Street lights are amazing. When it’s light out, they turn off. At night, though, on they go! It’s like magic.
No, it’s science. In most cases, the mechanism to tell a street light to turn on or off is a photo-resistor of some sort. Here’s a good write-up of how they work, but the basic idea is that when sunlight hits the resistor, the street lamp turns off. No sun, nothing to hit the resistor/switch, and the light goes on. That’s painting with a broad brush — please don’t hammer me on the physics or on the fifth-grade-level appreciation of how circuits work, thanks! — but the idea is roughly correct. The lights are “on” unless something turns them off.
But what about street lights in a world before photo-resistors?
Welcome to Brightwater, New Zealand, a coincidentally-named (you’ll see!) town of about 1,800 people. According to Wikipedia, the town “was named by Alfred Saunders, the owner of a local flax mill situated on the banks of the Wairoa River, after a popular song at the time ‘Bright Water,’ which was about choosing non-alcoholic drinks over spirits,” but that comes with a “citation needed” flag on the encyclopedia. Regardless, the town of Brightwater wasn’t named after the hydroelectric plant which graced the town in 1910 or so, about sixty years after its founding.
That hydroelectric plant was a repurposed flour mill, well, at night at least. During the day, it was a mill like any other, in this case owned by a farmer named Robert Ellis. But, per the book “No. 8 Rewired” (a collection of inventions by New Zealanders), Ellis used the mill to produce electricity at night. To do so, Ellis hooked the mill up to a power grid of sorts which provided the electricity for five streetlights in town and one town over. All he had to do was trek down to the farm in the morning to disconnect the power, and the lights would turn off.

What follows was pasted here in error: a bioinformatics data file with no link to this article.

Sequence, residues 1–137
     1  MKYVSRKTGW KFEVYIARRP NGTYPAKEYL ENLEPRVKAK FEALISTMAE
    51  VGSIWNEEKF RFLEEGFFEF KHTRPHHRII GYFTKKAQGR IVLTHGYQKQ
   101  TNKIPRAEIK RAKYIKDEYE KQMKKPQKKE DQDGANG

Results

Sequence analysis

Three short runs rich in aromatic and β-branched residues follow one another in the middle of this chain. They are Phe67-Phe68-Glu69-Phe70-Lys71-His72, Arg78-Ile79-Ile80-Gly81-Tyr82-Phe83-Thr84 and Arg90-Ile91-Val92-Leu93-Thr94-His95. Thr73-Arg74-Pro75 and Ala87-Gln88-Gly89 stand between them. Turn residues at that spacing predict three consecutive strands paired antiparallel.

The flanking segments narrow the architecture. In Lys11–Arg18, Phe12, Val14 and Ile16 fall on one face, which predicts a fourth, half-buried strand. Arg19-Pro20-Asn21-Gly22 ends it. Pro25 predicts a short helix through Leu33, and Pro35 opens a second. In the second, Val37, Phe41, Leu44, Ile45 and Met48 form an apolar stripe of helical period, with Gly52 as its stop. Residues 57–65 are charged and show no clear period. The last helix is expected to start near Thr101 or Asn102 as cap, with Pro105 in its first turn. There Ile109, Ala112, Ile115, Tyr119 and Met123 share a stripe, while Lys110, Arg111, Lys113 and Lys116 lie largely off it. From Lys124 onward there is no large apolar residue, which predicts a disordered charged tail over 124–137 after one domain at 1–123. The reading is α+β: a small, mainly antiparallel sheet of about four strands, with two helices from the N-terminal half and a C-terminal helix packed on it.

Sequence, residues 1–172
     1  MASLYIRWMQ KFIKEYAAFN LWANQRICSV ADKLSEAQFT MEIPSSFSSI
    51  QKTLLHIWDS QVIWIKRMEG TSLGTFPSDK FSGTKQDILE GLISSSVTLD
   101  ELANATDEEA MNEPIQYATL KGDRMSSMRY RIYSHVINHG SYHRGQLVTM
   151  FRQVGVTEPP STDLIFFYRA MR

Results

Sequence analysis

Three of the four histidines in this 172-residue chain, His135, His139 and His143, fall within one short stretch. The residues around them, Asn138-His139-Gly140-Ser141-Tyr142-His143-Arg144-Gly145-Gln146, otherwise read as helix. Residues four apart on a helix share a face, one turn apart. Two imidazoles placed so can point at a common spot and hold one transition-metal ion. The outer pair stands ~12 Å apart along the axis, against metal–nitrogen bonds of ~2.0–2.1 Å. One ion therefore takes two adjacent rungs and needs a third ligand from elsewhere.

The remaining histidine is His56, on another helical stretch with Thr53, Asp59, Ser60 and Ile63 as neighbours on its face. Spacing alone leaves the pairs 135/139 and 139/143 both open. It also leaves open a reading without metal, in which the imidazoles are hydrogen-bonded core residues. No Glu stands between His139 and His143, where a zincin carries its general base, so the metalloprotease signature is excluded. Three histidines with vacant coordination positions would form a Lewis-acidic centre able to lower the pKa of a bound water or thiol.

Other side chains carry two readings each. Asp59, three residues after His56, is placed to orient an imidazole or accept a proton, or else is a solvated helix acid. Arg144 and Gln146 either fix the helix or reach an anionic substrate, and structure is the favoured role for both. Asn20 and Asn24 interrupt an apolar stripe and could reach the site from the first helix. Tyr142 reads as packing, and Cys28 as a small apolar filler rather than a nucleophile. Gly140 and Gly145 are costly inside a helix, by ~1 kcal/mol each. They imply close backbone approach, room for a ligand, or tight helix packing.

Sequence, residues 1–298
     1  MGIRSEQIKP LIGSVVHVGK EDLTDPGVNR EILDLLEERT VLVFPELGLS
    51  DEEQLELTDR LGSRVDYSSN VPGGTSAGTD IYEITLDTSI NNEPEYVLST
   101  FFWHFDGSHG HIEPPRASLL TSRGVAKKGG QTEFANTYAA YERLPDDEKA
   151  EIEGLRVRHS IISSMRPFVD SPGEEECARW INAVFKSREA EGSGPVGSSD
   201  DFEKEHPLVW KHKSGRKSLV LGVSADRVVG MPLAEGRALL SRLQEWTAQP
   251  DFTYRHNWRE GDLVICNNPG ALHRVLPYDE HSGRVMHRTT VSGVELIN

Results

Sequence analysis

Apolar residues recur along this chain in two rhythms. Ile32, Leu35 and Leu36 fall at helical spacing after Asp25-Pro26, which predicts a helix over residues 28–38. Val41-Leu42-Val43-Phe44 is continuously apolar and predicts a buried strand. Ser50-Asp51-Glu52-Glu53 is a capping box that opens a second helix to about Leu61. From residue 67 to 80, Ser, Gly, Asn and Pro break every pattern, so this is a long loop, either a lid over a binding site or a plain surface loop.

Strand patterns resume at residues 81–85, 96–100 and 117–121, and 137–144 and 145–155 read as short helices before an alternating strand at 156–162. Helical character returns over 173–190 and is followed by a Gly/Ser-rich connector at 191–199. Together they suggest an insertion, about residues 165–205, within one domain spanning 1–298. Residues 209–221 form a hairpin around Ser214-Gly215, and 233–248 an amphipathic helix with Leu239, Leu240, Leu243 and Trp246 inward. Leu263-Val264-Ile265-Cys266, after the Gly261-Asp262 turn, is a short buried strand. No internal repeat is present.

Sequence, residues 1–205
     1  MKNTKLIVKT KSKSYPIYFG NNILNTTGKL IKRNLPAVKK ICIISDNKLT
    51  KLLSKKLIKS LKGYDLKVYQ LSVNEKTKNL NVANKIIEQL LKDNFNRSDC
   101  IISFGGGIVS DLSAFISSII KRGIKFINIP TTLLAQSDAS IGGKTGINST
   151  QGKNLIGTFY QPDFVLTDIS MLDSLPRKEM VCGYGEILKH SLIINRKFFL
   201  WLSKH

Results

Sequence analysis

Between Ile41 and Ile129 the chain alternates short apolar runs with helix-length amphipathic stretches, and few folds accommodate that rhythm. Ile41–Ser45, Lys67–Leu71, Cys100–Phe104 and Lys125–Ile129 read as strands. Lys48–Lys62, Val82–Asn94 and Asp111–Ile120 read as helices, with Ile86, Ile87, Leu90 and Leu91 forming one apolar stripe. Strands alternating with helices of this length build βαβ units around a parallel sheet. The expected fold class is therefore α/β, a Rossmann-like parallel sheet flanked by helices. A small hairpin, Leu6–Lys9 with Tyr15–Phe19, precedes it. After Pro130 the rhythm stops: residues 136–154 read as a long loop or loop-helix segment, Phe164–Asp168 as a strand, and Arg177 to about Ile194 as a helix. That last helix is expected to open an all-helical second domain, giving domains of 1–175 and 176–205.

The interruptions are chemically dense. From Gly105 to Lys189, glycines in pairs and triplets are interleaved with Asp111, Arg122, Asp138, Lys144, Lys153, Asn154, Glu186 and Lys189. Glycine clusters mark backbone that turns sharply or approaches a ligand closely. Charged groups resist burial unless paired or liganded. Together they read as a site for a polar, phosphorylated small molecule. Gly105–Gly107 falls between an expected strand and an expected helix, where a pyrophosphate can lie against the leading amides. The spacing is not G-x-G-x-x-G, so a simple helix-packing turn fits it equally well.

But that was a chore, one Ellis wanted to avoid. So he looked for another solution, and he found one: his chickens. Per No. 8 Rewind, Ellis “hooked up a plank to the switch and put the plank in the henhouse. When the [chickens] came home each night and jumped on the plank to roost, they also turned on the lights.” And the opposite happened when the chicken woke and left the henhouse; “when they went to go about their business, the plank clicked up and the power went off again.”
The need for poultry-powered street lights dissipated as technology improved. Ellis’s ingenuity should have made him the technological superstar for his small New Zealand town, but, alas, even that wasn’t meant to be. In 1908 — a few years before Ellis’ chicken turned the lights off — a Nobel physicist named Ernest Rutherford famously developed the basic, nucleus-centric model of the atom. Rutherford was born in Brightwater in 1871.
From the Archives: Chicken Bomb: Another unconventional use for chickens, although this one results in stuff blowing up.
Related: “No. 8 Rewired,” unreviewed in the United States.